It's Official: Webb, R. Lewis Are Out For The Season
NOTES: 3RD-DOWN DOINGS; WARE INVISIBLE; CORRENTE REFS AT HOUSTON
By Joe Platania
OWINGS MILLS -- Longtime baseball fans probably remember the days when the old Kansas City Athletics served as a de facto farm team for the New York Yankees.
Standout players such as Roger Maris, Ryne Duren, Bob Cerv and others were part of a absurdly long trade pipeline during the late '50s and early '60s, which again made the Yankees a dynastic, flagship franchise and the Athletics an also-ran team that eventually moved to Oakland.
No one knows whether the Houston Texans, the Ravens' opponents this Sunday, will suffer that same fate.
But during the past several offseasons, nearly two dozen key players have departed the Texans via trade or free agency, and yet the Texans still hold a one-loss record that mirrors Baltimore's.
But it will be a high-profile battle of two of only three AFC teams with winning records (San Diego is the other, at 3-2) that don't feel much like winners right now. That's partly because of the Texans' nationally televised loss to Green Bay.
But locally, the Ravens are dealing with the confirmation that, according to a magnetic-resonance imaging test conducted late Monday morning, cornerback Lardarius Webb (torn left anterior-cruciate knee ligament) will go on season-ending injured reserve for the second time during his four-year career.
Not only that, but head coach John Harbaugh found out moments before Monday afternoon's weekly media session that 13-time Pro Bowl linebacker Ray Lewis would miss the remainder of the season with a complete triceps tear.
On the positive side, a possible knee injury to defensive tackle Haloti Ngata was characterized as minor, but it didn't lessen Harbaugh's pain.
"I can't really characterize my emotions," Harbaugh said. "I just feel bad for those guys. They put in so much work. ...
"I think [Webb] had been one of the premier corners in this league. I'm biased because I see him every day. ... I admire Ray Lewis. I think everyone here does."
It will be Lewis' third time on injured reserve, having missed the last five games of 2002 (shoulder) and the final 10 of 2005 (hamstring). In 2004, he sat out the season finale against Miami (wrist), but was not officially placed on IR.
Webb's injury means that the Ravens are the third contending team to have lost their top cornerback because of a season-ending injury, following Atlanta's Brent Grimes and the New York Jets' Darrelle Revis.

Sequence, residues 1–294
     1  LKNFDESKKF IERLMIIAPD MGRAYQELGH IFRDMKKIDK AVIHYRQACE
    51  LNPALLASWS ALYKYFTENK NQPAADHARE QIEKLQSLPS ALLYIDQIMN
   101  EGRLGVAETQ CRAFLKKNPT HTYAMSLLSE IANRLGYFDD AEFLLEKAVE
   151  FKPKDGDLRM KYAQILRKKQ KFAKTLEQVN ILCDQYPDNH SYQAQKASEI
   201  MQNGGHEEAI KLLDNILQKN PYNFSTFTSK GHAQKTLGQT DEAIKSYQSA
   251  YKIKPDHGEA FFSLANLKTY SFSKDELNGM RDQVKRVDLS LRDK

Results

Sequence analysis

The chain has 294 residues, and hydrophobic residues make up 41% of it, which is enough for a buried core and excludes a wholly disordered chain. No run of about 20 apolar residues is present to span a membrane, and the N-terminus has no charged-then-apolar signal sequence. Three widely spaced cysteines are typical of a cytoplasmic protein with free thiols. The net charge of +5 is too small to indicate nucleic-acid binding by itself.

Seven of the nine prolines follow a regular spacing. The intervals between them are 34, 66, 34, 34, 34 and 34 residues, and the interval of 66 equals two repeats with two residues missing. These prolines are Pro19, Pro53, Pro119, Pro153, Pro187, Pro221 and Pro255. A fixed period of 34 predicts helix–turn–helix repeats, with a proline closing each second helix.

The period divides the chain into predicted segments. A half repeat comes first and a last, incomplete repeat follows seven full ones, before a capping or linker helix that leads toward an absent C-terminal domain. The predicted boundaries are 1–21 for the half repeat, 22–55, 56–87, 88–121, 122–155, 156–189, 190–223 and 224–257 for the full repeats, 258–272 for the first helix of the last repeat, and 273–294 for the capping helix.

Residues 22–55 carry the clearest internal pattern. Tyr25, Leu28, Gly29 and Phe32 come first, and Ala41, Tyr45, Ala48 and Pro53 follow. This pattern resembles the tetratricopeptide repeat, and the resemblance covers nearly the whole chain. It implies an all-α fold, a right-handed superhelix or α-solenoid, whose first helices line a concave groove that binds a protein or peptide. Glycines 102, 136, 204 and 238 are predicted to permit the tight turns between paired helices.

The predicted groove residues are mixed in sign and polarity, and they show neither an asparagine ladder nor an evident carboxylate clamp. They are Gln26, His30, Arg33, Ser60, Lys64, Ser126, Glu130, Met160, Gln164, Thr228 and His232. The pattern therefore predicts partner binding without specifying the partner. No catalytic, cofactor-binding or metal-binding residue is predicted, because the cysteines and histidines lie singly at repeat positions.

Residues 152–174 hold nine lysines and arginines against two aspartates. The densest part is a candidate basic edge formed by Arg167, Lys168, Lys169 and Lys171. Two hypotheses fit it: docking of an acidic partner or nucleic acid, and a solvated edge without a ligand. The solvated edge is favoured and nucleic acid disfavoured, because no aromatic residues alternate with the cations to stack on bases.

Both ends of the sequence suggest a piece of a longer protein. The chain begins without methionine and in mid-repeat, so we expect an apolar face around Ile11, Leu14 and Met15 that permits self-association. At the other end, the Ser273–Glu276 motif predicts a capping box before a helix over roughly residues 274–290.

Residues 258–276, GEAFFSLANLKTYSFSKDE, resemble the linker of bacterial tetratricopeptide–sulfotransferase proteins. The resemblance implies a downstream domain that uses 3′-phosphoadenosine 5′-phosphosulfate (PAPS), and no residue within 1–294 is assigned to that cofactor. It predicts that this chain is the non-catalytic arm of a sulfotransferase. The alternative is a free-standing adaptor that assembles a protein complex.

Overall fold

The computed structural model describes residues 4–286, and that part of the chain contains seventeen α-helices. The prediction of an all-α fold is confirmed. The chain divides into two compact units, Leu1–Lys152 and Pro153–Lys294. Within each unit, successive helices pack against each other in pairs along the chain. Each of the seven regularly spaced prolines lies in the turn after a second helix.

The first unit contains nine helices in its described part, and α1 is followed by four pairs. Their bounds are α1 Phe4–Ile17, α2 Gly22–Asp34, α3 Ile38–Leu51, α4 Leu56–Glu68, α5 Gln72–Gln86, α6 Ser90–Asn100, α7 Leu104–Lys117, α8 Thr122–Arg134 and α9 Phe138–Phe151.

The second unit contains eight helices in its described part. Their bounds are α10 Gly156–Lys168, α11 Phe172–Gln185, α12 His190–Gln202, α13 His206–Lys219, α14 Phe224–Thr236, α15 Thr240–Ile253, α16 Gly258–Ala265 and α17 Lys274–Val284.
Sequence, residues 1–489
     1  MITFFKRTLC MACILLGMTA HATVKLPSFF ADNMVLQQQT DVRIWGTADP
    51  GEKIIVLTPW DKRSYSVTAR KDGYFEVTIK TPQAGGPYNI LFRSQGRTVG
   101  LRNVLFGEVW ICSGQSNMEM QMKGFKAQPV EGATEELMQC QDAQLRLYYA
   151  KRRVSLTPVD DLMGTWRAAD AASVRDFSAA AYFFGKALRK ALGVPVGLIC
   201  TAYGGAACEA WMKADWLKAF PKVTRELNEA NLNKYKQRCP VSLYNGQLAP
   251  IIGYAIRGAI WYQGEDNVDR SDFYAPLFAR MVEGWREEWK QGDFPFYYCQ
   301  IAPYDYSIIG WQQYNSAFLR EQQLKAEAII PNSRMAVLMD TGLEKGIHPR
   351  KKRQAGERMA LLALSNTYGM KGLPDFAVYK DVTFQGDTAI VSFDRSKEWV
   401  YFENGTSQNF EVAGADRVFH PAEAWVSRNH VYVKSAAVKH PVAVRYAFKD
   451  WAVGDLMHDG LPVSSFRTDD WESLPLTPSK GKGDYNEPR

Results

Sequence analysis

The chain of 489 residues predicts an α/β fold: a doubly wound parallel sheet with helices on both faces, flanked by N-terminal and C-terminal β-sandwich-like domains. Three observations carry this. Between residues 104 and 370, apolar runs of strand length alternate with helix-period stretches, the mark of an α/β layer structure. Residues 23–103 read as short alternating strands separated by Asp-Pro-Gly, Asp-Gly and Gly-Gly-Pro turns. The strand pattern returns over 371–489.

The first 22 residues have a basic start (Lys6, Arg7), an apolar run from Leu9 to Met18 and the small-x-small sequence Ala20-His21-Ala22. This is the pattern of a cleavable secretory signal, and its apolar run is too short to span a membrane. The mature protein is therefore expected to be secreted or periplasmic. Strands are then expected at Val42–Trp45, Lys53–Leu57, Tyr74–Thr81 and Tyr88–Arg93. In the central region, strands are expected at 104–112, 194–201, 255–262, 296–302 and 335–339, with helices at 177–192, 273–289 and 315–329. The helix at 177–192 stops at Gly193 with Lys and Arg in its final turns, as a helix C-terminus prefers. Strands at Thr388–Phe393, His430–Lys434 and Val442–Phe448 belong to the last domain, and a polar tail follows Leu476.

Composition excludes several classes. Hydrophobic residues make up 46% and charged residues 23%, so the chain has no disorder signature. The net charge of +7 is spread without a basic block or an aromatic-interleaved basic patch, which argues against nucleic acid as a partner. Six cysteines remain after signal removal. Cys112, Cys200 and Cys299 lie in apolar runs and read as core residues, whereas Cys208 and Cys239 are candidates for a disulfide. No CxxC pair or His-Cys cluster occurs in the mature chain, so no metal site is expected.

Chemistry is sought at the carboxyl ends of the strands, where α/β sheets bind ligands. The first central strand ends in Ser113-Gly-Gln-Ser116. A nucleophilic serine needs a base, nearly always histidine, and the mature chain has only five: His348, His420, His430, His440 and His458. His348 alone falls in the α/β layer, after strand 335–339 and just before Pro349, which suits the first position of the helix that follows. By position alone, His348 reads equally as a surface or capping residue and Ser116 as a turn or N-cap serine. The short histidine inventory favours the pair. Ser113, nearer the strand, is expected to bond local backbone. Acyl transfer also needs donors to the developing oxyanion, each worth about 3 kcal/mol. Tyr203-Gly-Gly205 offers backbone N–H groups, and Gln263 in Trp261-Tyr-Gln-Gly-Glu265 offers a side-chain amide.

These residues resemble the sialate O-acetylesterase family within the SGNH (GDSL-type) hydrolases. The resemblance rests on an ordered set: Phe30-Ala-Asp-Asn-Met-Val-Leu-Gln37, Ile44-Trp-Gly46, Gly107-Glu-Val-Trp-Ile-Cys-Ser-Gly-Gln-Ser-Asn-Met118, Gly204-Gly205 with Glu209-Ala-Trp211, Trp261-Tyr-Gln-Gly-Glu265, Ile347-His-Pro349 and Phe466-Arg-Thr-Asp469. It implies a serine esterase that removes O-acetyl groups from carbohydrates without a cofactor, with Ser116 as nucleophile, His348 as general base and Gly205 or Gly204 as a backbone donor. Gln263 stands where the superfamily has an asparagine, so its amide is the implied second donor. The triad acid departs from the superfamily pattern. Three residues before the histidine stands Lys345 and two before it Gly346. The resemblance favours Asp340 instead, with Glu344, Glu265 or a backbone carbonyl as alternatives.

Webb, who just observed his 27th birthday last Friday, signed a six-year, $50 million contract during the offseason, making him the only Raven under contract through the 2017 season. He missed the final month of his rookie campaign in 2009, when he tore his right ACL on a kick-return play.
Through five games, Webb had 25 total tackles, tied for third on the team with Cary Williams and Dannell Ellerbe, and six pass deflections. Sunday, he was not credited with a tackle before colliding with Dallas wideout Dez Bryant early during the game and incurring the injury.
Special-teamer Chykie Brown played in Webb's absence on Sunday, as did Corey Graham. But both Graham and rookie fifth-round pick Asa Jackson might have to be called on in the occasional nickel situations in which Webb played; Jackson is one of several players that has not been active for any games so far this year.
"We will always need more corners," Harbaugh said about the possibility of adding a street free agent. "We will always need more of everything."
As for Lewis, his spot could be filled by two inside linebackers that have already gained a lot of experience in Jameel McClain and Dannell Ellerbe. Outside man Albert McClellan could also move back inside, where he has played before.
One of the three ex-Texans on the Ravens' roster, receiver/returner Jacoby Jones, has a decidedly Baltimore-esque approach to the situation.
"If you look at it, we are the Ravens," Jones said. "We do our thing no matter what. Being the Ravens, people come to play us hard, no matter what. It's the NFL. It's hard to get a win in the NFL. That's accomplishing [something special], to be 5-1.
"We're on to the next game, try to get another one. That's what it is."
The next game is against Jones' former teammates in Houston, a squad that most observers think would have won a Divisional Playoff game in Baltimore had quarterback Matt Schaub and other key players been fully healthy.
But it's no secret that earlier this year, the Ravens weren't fully effective even when fully healthy.
This year, they have already reached some dubious defensive milestones for the first time since the 1996 debut team struggled with a mix of young, unproven talent and disgruntled veterans that would have rather been in Cleveland.
- For the first time in team history, the Ravens have allowed individual 300-yard passing games in three straight weeks, yielding them to Philadelphia's Michael Vick, New England's Tom Brady and Cleveland's Brandon Weeden.
- For the fourth time in league history -- the first time since 1985 -- and for the only time in team lore to date, the Ravens have allowed back-to-back team rushing performances of 200 or more yards, giving up 214 to Kansas City and 227 to Dallas.
- Baltimore has lost the time-of-possession battle during five of six games, allowing Dallas to hold the ball for more than 40 minutes. As a result, the Ravens ran 49 plays from scrimmage, 30 fewer than the Cowboys. The Ravens are averaging 26:50 per game, the exact average figure they allowed their opponents for the entire 2008 season.
- The possession quandry ties into the fact that although the Ravens have passed the ball 83 more times than they have run it (including sacks allowed), their six opponents so far have managed a near-perfect balance of 213 runs and 225 pass dropbacks.
And with Webb out, the well-known mantra "next man up," popularized in a 2005 John Feinstein book that detailed the Ravens' massive injury problems that year, becomes even more pronounced.